Published: Sep 11, 2012 07:00 PM
Modified: Sep 11, 2012 02:38 PM
The state of the English language is in crisis. We have stopped teaching grammar in our schools, and the exercise of diagramming sentences has been dropped.
Diagramming sentences once taught children the structure of the language, from its simplest of components to its most complex. For example, many supposedly educated people say him going when they should say his going. A possessive pronoun is used with a gerund or the -ing form of the noun, i.e. His joining the Navy upset Johns mother. These days, many people have never heard of a gerund or a possessive pronoun.
One common mistake is the mix-up of lie and lay. I can lie down in the present, but I only lay down when I am using the past tense. There is a lot of confusion because the word lay can do two things. It is the past tense of to lie, as in, I lay down yesterday and fell asleep. It is also used with a direct object, as in, I will lay the book on the chair. A person is needed to do the action, since the book cannot act on its own. The past tense in this case is laid, as in She laid the napkins on the table.
I am particularly frustrated when a person says, I am done. You are not cooked in the oven. You are finished. Another common problem is the use of a noun when an adjective is needed. The American-Mexican border is correct. American-Mexico border is not. Mexico is a noun, and when one speaks of a border, the noun must be modified by an adjective. Therefore it is Mexican.A vigorous language
We live in the Triangle area, in which there are eight universities and colleges. Does any one of these schools teach grammar?
English is a vigorous language that came to us from the Anglo-Saxons. Although the Norman invasion in 1066 made French the language of the court, the yeomanry and peasants spoke English. In 1300, King Henry IV finally made English the official language of the court.
All of the small words that make up our everyday vocabulary can be traced to the English of the Middle Ages. French words borrowed before the 13th century mostly pertained to the church, such as friar, relic, honor and charity.
Geoffrey Chaucer used English when he wrote The Canterbury Tales. We know it now as Middle English, since it was the language spoken in London at the end of the 1300s. Although Chaucers spelling is different from ours, and although he uses old words like cleped (which means called or named), his poetry can still be read and understood by modern readers.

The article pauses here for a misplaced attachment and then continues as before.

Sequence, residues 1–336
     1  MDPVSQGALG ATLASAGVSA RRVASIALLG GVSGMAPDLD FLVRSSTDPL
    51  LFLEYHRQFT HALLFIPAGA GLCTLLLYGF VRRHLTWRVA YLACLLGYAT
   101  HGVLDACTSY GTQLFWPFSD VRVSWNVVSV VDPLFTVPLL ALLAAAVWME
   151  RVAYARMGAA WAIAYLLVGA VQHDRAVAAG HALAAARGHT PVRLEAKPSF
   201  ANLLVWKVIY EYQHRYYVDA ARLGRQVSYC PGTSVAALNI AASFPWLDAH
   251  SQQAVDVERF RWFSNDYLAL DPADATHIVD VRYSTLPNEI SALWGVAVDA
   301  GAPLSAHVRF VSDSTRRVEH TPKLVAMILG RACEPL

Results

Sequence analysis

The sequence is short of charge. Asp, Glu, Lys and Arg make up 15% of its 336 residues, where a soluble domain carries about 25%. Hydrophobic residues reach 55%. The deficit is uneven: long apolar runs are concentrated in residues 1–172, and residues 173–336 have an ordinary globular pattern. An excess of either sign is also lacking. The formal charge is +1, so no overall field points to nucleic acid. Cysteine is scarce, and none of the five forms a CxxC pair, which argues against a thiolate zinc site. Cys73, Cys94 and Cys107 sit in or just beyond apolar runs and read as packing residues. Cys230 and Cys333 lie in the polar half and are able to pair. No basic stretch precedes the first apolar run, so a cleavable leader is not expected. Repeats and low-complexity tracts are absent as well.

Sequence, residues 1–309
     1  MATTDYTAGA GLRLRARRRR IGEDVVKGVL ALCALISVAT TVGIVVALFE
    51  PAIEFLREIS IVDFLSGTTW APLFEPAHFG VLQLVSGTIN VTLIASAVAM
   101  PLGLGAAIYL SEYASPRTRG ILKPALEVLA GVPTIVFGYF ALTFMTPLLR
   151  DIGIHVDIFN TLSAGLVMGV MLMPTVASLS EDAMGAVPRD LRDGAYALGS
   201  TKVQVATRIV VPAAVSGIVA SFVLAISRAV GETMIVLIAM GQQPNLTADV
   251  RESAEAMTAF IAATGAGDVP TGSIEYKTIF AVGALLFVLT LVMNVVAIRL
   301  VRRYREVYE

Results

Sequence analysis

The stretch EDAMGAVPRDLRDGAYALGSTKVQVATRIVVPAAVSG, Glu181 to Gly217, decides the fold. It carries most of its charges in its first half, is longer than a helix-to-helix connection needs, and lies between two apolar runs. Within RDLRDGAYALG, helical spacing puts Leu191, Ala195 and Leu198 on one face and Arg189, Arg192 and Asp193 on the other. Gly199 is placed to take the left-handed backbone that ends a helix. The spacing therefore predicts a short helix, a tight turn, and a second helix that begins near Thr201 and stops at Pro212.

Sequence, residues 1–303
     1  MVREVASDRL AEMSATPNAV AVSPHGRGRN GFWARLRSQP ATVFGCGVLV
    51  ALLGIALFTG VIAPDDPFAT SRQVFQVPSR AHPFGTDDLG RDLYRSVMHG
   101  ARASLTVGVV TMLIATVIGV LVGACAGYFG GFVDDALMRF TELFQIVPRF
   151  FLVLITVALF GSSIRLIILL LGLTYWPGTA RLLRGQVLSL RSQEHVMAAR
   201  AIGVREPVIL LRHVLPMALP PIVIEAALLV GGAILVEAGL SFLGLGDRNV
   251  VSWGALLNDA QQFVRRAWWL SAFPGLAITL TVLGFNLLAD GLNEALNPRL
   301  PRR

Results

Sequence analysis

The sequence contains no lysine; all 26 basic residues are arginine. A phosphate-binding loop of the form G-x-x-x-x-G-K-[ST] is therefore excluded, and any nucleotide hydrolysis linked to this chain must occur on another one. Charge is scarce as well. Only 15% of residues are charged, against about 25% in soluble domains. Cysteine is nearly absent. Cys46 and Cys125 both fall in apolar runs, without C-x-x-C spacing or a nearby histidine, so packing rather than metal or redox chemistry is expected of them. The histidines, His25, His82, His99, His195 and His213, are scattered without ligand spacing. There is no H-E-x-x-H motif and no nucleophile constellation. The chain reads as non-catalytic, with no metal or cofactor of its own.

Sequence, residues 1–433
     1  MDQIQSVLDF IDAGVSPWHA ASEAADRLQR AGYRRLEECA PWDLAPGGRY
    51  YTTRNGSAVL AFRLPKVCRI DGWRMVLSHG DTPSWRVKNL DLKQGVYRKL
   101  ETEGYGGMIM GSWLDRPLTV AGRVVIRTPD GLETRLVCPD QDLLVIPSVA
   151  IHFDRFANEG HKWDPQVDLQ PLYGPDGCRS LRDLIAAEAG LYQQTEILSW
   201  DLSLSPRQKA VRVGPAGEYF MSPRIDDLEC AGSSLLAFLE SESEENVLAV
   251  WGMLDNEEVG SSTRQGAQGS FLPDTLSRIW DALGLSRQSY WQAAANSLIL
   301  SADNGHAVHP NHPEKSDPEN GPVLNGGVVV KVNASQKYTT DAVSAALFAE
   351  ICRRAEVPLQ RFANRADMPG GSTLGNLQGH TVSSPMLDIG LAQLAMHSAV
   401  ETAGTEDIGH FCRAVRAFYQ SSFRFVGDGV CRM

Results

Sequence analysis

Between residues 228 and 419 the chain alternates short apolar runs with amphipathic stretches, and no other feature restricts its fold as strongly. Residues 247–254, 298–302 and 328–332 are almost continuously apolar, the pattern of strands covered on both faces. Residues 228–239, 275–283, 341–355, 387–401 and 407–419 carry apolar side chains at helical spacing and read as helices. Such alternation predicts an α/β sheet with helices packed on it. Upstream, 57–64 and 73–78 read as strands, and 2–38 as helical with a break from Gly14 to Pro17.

Half of English words today are borrowed from the Anglo-Saxon and Scandinavian languages; half come from French and Latin. The English language also has taken words from India, such as calico, gingham and jodhpurs. From American Indian languages, we have words like skunk, raccoon and opossum. We also have taken the Indian names of rivers, such as the Mississippi.Wonderful nuances
Both speakers and writers find wonderful nuances of meaning in English. William Shakespeare (1564-1616) dipped into this treasure chest of language and, like an alchemist, he changed the speech of the people into gold. He saw the revival of classical learning and a new interest in reading Homer, Virgil and Horace in their original texts. Although it was claimed that Shakespeare had little Latin and less Greek, he in fact referenced these authors frequently in his work. Shakespeares writings greatly influenced the development of English.
The King James Bible has also played an important role in the history of our language. Although there were previous English translations, it was not until William Tyndales version that the language asserted itself and formed into the ringing phrases with which we are familiar.
In 1611, a group of translators created the King James Bible, largely based on Tyndales version. Because of this Bibles wide influence on Western literature, William Tyndales marvelous words and phrases still sing across the ages.
We, the inheritors of English, pay very little attention to this rich and wonderful lineage. For this reason, our friends from the British Isles often cringe when they hear Americans speak.
It disappoints me to see poorly written English. When we disrespect our language, we disrespect our history. We should show our appreciation for this beautiful language by learning to speak and write correctly.
Ariana Mangum lives in Chapel Hill.